Evusheld, a long-acting antibody combination, was authorised for emergency use in the US on 8 December, 2021 for pre-exposure prophylaxis (prevention) of COVID-19 in adults and adolescents (aged 12 and older who weigh 40kg or more) with moderate to severe immune compromise due to a medical condition or immunosuppressive medications and who may not mount an adequate immune response to COVID-19 vaccination, as well as those individuals for whom COVID-19 vaccination is not recommended due to a history of severe adverse reaction to a COVID-19 vaccine. Recent emerging evidence indicate that protecting vulnerable populations from getting COVID-19 could help prevent viral evolution that is an important factor in the emergence of variants.9

Agreements are in place to supply the US with 1.7 million units of Evusheld, each containing one 150mg vial of tixagevimab and one 150mg vial of cilgavimab. Delivery of approximately 1.2 million units is anticipated by the end of the first quarter of 2022, with the remaining deliveries being completed by the end of 2022. Evusheld also has early access use for the prophylaxis of COVID-19 and is being supplied in several other countries.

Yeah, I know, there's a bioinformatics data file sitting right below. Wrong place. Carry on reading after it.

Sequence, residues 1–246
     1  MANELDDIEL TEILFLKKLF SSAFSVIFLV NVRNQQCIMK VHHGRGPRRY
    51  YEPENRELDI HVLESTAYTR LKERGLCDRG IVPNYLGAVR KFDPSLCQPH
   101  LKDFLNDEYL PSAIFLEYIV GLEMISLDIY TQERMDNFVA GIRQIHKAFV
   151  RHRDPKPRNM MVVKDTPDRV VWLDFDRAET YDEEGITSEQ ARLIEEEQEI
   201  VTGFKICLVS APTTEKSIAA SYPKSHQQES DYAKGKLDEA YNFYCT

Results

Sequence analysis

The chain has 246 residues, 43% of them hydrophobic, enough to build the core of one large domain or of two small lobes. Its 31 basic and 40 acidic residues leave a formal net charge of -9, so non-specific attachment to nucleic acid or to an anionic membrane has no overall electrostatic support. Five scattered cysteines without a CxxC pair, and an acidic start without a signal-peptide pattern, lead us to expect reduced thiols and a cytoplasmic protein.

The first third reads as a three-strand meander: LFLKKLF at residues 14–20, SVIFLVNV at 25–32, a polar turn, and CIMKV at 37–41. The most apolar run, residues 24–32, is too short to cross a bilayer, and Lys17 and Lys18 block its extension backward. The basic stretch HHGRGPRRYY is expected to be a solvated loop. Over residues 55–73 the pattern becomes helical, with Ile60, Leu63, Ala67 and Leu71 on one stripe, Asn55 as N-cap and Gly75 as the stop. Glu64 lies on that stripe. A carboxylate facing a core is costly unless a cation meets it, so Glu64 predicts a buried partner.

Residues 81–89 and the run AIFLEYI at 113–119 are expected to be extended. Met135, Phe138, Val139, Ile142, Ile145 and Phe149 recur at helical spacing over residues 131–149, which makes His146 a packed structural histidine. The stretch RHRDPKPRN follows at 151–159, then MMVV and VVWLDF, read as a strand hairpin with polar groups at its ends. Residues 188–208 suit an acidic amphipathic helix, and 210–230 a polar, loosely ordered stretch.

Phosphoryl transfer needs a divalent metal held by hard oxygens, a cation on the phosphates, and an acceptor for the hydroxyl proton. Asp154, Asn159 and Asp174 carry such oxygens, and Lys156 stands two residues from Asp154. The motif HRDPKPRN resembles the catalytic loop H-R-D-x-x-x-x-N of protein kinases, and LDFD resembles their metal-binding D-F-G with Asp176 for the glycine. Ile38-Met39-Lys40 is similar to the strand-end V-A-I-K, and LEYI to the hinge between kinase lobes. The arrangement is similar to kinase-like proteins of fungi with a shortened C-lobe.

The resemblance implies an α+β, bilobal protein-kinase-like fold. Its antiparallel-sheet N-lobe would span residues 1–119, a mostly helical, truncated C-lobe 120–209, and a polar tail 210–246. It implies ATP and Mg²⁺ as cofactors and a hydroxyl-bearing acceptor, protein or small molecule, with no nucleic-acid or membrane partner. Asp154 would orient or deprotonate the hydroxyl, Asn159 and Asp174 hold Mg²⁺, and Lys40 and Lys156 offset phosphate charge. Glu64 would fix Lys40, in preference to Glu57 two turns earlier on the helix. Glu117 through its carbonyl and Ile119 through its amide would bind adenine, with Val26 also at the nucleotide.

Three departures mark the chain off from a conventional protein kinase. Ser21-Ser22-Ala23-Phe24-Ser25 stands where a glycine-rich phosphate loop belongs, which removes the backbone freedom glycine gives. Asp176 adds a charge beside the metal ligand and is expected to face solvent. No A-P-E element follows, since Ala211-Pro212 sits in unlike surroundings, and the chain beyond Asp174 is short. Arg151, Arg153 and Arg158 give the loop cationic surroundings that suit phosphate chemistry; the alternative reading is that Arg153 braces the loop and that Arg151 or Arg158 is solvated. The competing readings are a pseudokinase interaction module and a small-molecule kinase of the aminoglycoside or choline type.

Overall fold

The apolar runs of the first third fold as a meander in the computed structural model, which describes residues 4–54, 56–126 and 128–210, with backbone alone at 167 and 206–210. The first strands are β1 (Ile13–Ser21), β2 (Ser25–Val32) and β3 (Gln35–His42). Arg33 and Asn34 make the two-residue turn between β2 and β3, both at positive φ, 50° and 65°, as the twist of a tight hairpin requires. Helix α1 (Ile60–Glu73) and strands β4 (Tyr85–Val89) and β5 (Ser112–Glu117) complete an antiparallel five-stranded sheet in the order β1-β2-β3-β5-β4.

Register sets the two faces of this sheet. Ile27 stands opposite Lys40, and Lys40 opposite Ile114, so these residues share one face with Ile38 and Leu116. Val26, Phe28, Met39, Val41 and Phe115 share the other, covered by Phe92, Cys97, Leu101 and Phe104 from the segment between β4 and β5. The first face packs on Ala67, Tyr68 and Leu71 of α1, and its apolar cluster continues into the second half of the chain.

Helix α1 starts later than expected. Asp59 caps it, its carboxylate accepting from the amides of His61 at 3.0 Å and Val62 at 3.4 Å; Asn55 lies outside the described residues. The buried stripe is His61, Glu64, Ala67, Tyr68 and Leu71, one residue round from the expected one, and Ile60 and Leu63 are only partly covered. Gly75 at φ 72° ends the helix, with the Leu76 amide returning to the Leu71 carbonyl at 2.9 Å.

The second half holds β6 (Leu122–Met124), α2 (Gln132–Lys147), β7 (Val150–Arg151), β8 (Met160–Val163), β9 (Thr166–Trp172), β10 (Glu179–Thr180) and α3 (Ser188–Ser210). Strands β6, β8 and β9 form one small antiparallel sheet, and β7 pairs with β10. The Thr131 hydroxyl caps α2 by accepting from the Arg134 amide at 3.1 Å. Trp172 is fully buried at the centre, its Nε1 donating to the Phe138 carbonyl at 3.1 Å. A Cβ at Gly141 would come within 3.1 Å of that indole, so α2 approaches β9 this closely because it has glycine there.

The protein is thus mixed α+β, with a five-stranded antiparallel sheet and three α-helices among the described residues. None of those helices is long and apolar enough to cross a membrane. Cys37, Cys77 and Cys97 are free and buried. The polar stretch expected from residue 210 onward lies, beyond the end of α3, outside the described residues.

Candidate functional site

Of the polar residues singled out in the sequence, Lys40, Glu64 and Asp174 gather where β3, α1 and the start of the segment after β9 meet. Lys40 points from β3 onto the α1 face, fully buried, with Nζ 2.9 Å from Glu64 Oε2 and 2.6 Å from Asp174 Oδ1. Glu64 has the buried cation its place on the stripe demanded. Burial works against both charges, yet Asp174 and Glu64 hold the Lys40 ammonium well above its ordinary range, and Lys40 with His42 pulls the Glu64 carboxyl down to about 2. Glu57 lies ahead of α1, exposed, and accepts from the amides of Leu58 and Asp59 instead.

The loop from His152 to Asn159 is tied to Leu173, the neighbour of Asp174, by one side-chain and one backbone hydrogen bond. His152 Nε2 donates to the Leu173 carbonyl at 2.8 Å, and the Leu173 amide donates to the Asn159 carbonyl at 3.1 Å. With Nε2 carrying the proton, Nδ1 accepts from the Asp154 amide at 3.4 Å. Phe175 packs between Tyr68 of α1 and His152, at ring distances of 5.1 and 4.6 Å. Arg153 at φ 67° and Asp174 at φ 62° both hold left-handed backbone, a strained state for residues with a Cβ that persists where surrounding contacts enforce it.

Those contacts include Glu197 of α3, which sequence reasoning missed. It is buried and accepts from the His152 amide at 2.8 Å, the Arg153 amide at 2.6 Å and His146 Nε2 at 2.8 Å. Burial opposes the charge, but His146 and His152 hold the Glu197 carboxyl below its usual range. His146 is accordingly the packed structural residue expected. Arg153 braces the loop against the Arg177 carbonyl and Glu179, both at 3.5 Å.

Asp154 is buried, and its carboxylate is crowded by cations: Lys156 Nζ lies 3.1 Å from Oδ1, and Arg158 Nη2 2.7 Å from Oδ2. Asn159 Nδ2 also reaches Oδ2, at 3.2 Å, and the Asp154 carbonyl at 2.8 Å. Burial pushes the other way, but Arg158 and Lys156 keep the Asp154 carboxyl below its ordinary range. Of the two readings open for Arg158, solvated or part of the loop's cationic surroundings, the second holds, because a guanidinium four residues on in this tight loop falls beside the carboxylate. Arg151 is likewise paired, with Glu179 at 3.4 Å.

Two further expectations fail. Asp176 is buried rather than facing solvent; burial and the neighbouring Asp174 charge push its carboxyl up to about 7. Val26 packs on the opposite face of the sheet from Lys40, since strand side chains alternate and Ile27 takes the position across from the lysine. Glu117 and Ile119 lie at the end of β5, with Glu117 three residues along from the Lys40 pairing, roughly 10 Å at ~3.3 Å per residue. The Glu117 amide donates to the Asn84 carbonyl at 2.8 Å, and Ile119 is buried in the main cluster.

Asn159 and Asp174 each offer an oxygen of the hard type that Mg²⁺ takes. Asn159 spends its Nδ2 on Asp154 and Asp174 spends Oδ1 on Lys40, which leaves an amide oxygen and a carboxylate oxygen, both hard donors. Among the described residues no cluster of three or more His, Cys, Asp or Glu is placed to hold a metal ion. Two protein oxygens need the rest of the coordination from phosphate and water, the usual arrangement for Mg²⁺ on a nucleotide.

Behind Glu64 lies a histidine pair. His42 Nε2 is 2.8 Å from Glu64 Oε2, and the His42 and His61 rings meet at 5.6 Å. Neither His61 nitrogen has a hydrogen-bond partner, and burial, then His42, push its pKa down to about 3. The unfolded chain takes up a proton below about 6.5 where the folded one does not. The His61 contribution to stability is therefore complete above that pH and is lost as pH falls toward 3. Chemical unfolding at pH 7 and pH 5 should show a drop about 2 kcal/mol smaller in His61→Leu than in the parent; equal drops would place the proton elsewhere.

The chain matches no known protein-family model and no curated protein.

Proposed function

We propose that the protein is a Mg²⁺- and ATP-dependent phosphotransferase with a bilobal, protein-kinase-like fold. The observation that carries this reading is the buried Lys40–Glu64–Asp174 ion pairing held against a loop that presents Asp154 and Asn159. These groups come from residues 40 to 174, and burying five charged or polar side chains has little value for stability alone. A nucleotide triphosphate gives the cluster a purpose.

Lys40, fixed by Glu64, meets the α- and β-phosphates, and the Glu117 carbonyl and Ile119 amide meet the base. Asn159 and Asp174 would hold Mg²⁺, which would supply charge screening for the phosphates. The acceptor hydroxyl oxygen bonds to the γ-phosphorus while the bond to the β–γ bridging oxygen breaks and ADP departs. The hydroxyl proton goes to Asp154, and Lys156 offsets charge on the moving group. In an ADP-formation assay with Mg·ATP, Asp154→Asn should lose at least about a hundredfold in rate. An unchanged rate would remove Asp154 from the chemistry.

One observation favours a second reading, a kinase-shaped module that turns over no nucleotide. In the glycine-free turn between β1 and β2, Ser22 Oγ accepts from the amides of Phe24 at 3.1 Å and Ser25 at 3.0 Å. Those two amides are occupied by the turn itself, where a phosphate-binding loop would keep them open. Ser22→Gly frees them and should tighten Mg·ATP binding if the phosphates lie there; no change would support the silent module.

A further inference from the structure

More information on this and other matters related to Evusheld can be found here

 

Notes

Evusheld

Evusheld, formerly known as AZD7442, is a combination of two long-acting antibodies - tixagevimab (AZD8895) and cilgavimab (AZD1061) - derived from B-cells donated by convalescent patients after SARS-CoV-2 virus. Discovered by Vanderbilt University Medical Center and licensed to AstraZeneca in June 2020, the human monoclonal antibodies bind to distinct sites on the SARS-CoV-2 spike protein10 and were optimised by AstraZeneca with half-life extension and reduced Fc receptor and complement C1q binding. The half-life extension more than triples the durability of its action compared to conventional antibodies;11-13 data from the Phase III PROVENT trial show protection lasting at least six months.14 The reduced Fc receptor binding aims to minimise the risk of antibody-dependent enhancement of disease - a phenomenon in which virus-specific antibodies promote, rather than inhibit, infection and/or disease.15

The previously authorised pre-exposure prophylaxis dose for Evusheld in the US is 150mg IM each of tixagevimab and cilgavimab, with subsequent repeat dosing every six months. That dose was based on positive high-level results from the PROVENT Phase III pre-exposure prophylaxis trial and is supported by additional clinical data gathered from PROVENT, which is ongoing, laboratory data and modelling assumptions conducted against Omicron using standard methodologies.